During the Cold War, official Soviet institutions organized tens of exhibitions of an American figurative artist Rockwell Kent. These exhibitions, undertaken bypassing the official United States, demonstrate that promotion of Kent in the USSR was an exclusively Soviet enterprise. Examining the role of Soviet institutions in Kent’s success, the article sheds new light on the Soviet approach to the representation of American visual art during the Cold War.
Basing on unique findings from American and Russian archives, the article provides a comprehensive analysis of political and aesthetical factors, which predetermined Kent’s incredible popularity in the Soviet Union. Contextualizing the Soviet representation of Kent within relevant Cold War contexts, the article argues that Kent occupied a specific symbolic position in Soviet culture, as Soviet propaganda re-conceptualized the artist’s biography and established the Myth of Rockwell Kent. This myth served for legitimization of Soviet ideology and for anti-American propaganda.
The second part of the paper is devoted to enumeration of r-regular maps on the torus up to all its homeomorphisms (unsensed maps). We describe in detail the periodic orientation reversing homeomorphisms of the torus which turn out to be representable as glide reflections. We show that considering quotients of the torus with respect to these homeomorphisms leads to maps on the Klein bottle, the annulus and the M ̈obius band. Using 3- and 4-regular maps as an example we describe the technique of enumerating quotient maps on surfaces with a boundary. Obtained recurrence relations are used to enumerate unsensed r-regular maps on the torus for various r.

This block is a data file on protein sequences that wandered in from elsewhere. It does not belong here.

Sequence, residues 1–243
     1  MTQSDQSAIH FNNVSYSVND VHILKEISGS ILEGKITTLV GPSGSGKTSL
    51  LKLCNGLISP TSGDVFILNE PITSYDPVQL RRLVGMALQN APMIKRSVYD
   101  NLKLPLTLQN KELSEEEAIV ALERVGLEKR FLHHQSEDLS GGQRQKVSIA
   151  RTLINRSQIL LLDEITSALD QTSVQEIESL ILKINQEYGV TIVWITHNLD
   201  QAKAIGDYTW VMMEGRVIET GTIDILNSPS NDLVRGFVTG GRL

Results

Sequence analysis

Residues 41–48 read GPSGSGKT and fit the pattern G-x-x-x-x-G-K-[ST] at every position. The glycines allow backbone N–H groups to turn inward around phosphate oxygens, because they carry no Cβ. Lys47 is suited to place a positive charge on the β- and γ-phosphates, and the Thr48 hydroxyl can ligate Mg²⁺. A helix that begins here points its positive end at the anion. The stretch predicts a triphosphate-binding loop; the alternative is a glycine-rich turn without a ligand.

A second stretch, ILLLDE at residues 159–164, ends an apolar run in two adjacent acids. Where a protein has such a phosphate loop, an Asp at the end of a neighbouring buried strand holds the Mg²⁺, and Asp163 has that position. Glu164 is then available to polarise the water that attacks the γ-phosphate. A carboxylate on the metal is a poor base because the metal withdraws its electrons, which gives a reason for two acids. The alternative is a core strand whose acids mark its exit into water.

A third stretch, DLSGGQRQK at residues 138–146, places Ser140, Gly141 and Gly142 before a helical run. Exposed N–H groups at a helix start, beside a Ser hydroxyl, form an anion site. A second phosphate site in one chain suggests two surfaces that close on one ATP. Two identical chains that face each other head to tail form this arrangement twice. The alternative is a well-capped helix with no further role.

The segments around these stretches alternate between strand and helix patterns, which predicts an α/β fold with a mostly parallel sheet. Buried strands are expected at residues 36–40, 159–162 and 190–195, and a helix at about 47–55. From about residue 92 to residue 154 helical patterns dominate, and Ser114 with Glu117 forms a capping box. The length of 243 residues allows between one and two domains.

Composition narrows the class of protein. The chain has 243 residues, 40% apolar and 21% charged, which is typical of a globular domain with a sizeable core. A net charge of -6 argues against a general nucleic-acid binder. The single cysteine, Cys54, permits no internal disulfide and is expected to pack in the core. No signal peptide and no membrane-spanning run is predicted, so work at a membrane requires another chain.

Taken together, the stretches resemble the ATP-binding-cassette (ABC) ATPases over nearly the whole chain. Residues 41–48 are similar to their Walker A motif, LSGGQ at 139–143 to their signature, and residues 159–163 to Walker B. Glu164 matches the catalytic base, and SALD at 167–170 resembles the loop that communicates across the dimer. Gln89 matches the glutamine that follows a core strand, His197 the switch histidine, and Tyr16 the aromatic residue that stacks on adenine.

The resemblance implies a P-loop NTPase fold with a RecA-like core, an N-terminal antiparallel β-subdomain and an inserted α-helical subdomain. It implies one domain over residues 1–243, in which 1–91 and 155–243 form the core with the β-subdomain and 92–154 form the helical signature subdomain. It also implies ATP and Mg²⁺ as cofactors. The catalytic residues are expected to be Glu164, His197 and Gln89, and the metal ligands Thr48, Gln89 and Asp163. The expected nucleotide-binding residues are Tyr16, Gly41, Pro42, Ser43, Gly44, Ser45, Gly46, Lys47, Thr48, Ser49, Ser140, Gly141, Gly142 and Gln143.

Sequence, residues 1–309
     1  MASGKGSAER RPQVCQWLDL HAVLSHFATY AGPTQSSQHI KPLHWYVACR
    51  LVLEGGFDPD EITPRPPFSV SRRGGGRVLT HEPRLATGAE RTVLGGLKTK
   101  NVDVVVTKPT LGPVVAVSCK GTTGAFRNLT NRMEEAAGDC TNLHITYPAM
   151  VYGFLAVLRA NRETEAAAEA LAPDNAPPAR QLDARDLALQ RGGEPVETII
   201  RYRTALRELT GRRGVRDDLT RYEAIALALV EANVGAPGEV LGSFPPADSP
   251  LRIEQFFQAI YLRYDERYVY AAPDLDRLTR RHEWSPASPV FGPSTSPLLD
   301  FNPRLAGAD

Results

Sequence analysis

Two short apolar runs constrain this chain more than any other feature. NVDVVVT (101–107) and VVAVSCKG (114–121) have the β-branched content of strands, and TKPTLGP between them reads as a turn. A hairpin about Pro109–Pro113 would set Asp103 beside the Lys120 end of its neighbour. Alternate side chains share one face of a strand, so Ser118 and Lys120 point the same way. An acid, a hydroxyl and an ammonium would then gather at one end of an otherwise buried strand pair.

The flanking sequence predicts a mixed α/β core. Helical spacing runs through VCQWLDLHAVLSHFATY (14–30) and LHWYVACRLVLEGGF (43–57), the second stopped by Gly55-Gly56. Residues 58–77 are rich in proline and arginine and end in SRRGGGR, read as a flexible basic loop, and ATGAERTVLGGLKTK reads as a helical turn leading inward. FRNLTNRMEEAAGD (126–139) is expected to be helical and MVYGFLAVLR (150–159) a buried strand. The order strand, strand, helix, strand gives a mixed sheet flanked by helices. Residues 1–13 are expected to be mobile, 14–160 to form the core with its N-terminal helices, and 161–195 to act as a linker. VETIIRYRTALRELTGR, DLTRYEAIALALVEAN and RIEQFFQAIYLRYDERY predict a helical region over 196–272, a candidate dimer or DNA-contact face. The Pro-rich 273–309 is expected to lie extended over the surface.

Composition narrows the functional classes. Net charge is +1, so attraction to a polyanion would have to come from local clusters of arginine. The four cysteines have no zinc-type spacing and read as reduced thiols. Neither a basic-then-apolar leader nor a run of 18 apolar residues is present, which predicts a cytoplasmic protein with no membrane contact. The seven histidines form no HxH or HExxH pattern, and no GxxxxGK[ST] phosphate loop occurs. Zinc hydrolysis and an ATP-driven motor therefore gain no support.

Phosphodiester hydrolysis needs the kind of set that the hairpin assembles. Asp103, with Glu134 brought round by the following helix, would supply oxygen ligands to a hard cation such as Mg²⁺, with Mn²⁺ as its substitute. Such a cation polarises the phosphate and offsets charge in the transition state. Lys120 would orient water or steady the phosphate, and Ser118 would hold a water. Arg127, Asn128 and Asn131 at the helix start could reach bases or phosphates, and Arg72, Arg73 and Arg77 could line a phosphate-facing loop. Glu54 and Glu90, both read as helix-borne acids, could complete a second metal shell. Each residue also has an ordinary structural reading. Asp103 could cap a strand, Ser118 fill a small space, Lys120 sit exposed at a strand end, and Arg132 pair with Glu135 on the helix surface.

The work that consists of two parts is devoted to the problem of enumerating unrooted r-regular maps on the torus up to all its symmetries. We begin with enumerating near-r- regular rooted maps on the torus, the projective plane and the Klein bottle, as well as some special kinds of maps on the sphere: near-r-regular maps, maps with multiple leaves and maps with multiple root darts. For r = 3 and r = 4 we obtain exact analytical formulas. For larger r we derive recurrence relations. Then we enumerate r-regular maps on the torus up to homeomorphisms that preserve its orientation — so-called sensed maps. Using the concept of a quotient map on an orbifold we reduce this problem to enumeration of certain above-mentioned classes of rooted maps. For r = 3 and r = 4 we obtain closed-form expressions for the numbers of r-regular sensed maps by edges. All these results will be used in the second part of the work to enumerate r-regular maps on the torus up to all homeomorphisms — so-called unsensed maps.
This paper investigates to what extent activity of a social movement on a social networking site is related to participation in offline collective action. Through this research, we seek to contribute to a broader theory of effective communicative structures of social movements. We use the data of roughly 12,000 individuals from 17 online groups representing the branches of the ‘Observers for Fair Elections’ movement in 17 districts of St. Petersburg, Russia, and compare their online properties to real offline participation of movement members in elections in the role of electoral observers. We find that while prediction of individual offline participation with this online data is of limited power, association between district participation rates and online group features is very strong. Large, more inclusive and evenly connected networks, where people are engaged in high-threshold online activities, produce more offline participants; weak individual-level prediction, combined with strong group-level prediction, suggests either the presence of the ‘network effect’ or of third factors – such as prior contentious experience or the effect of leaders.
In the framework of this paper we apply multifractal formalism to the analysis of statistical behaviour of topic models under variation of the number of topics. Fractal analysis of topic models allows to show that self-similar fractal clusters exist in large textual collections. We provide numerical results for 3 topic models (PLSA, ARTM, LDA Gibbs sampling) on 2 datasets, namely, on an English-language dataset and on a Russian-language dataset. We demonstrate that forming of clusters occurs precisely in the transition regions. Linear regions do not lead to changes in fractals, therefore, it is sufficient to find transition regions for the study of textual collections. Accordingly, the problem of the analysing the evolution of topic models can be reduced to the problem of searching transition regions in topic models.